Blanding's turtle recovery program a slow success in Lake County

 
 
Updated 5/23/2019 7:41 PM
hello
  • Kirsten Andersson, a veterinary student at the University of Illinois, draws blood Thursday from a Blanding's turtle. Scientists and students released 91 of the turtles into the wild Thursday.

      Kirsten Andersson, a veterinary student at the University of Illinois, draws blood Thursday from a Blanding's turtle. Scientists and students released 91 of the turtles into the wild Thursday. Mick Zawislak | Staff Photographer

  • Blanding's turtle hatchlings are readied for release Thursday by the Lake County Forest Preserve District.

      Blanding's turtle hatchlings are readied for release Thursday by the Lake County Forest Preserve District. Mick Zawislak | Staff Photographer

  • Gary Glowacki, wildlife ecologist with the Lake County Forest Preserve District, releases a Blanding's turtle hatchling Thursday.

      Gary Glowacki, wildlife ecologist with the Lake County Forest Preserve District, releases a Blanding's turtle hatchling Thursday. Mick Zawislak | Staff Photographer

  • Blanding's turtles hatchlings were released Thursday in this wetland area in Lake County

      Blanding's turtles hatchlings were released Thursday in this wetland area in Lake County Mick Zawislak | Staff Photographer

Like every year since 2010, Gary Glowacki, a wildlife ecologist with the Lake County Forest Preserve District, celebrated World Turtle Day by releasing a big batch of hatchlings into a marshy area and crossing his fingers for the survival of an endangered species.

On Thursday, with the assistance of college veterinary students and others, 91 baby Blanding's turtles were carried over squishy ground in big plastic tubs to the waters edge and gently introduced to what hopefully will be their home for a long time.

"They could be the canary in the coal mine," Glowacki said of the species, known for a bright yellow chin and throat that makes them appear to be smiling. "If we lose these guys, it's not a good sign for wildlife or people in general."

The freed turtles have been carefully tended since being born in 2017 and 2018. They range in size, though the minimum requirement for release is 30 grams, or a little over an ounce.

Many of the little reptiles had names, like Cannon Ball and Titan, bestowed by generous donors to the Preservation Foundation of the Lake County Forest Preserves' Adopt-a-Turtle recovery program, which was established in 2016.

But Glowacki and the forest preserve district have been at it much longer. Beginning in 2004, the district and the Illinois Natural History Survey, equipped Blanding's turtles with radio transmitters as part of a larger study. Eventually, it was determined the species was in decline because not enough turtles were being produced to replace adults.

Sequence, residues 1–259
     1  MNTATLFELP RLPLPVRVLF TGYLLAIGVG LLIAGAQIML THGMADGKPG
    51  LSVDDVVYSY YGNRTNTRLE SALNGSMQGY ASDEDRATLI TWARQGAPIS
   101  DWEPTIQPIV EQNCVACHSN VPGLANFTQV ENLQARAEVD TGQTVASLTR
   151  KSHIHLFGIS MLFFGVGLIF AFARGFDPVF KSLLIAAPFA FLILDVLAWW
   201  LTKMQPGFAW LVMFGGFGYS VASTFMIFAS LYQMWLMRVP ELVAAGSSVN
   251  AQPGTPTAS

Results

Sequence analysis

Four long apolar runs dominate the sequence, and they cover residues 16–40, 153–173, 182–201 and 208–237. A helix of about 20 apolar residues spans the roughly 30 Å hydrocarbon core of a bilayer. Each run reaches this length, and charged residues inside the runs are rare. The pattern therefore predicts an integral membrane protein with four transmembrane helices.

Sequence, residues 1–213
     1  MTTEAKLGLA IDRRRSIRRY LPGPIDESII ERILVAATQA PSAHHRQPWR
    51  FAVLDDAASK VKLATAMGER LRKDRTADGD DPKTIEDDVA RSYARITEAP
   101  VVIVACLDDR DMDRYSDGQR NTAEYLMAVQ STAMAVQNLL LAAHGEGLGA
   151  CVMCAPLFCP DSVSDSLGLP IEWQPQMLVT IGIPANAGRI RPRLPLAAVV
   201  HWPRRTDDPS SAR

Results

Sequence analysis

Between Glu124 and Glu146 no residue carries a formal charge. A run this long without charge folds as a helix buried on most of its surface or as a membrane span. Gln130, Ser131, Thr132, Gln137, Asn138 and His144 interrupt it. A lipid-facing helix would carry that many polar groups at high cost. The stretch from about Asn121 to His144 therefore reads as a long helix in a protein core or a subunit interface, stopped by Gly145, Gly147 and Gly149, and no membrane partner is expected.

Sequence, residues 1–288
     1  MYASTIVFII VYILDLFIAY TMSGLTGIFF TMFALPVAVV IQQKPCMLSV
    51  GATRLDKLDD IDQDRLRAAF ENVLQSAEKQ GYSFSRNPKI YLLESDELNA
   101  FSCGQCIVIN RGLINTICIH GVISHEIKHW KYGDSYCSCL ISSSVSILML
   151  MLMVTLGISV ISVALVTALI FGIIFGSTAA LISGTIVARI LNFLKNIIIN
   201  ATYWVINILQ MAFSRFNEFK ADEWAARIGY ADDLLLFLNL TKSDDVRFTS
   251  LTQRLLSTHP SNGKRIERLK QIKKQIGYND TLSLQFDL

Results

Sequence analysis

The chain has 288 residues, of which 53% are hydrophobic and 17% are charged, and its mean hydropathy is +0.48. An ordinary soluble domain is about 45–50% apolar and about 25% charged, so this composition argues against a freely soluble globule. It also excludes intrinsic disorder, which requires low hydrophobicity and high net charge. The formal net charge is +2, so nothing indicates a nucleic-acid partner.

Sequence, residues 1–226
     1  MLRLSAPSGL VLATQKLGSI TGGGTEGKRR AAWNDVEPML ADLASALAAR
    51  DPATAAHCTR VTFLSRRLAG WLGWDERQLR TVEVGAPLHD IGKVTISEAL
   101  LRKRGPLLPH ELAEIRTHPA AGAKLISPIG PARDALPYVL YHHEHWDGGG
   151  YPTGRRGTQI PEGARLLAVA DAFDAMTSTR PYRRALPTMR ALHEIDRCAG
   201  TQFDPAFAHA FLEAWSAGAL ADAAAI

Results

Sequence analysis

Blanding's turtles in 2009 were designated as endangered in Illinois due to habitat loss, increased pressure from predators and poaching, which is why the release locations, which vary every year, are kept secret.

In 2010, the forest preserve began collecting and incubating eggs and raising Blanding's turtles to eventually introduce them to their native habitat, a process known as headstarting.

Since then, 881 hatchlings have been released.

About 65% of the headstarters will survive. Glowacki estimated the Blanding's population has tripled to about 522 since the program began.

But of the 18 locations where Blanding's exist in Lake County, only one, a broad area that included Thursday's release site, is considered viable. The Blanding's population is the largest in Illinois and considered one of the best turtle habitats in the world, according to Glowacki.

That attracts scientists like Matt Allender, a wildlife veterinarian and director of the wildlife epidemiology lab at the University of Illinois.

While the population has increased, little is known about turtle health, Allender said. That's why on Thursday blood was drawn, mouths swabbed and other assessments of some adult turtles made.

"That's the new component we're bringing in," he said. "The things we are doing here are absolutely amazing."

The health assessments may give researchers clues as to where best to try and start new colonies.

Glowacki said he is pleased with progress so far, but the outcome won't be known for decades.

"The true story is 15 years from now. How many of these guys are surviving and reproducing on their own?" he said. "Success is a long-term proposition. We're starting to get there, but it's a long road."

Article Comments ()
Guidelines: Keep it civil and on topic; no profanity, vulgarity, slurs or personal attacks. People who harass others or joke about tragedies will be blocked. If a comment violates these standards or our terms of service, click the X in the upper right corner of the comment box. To find our more, read our FAQ.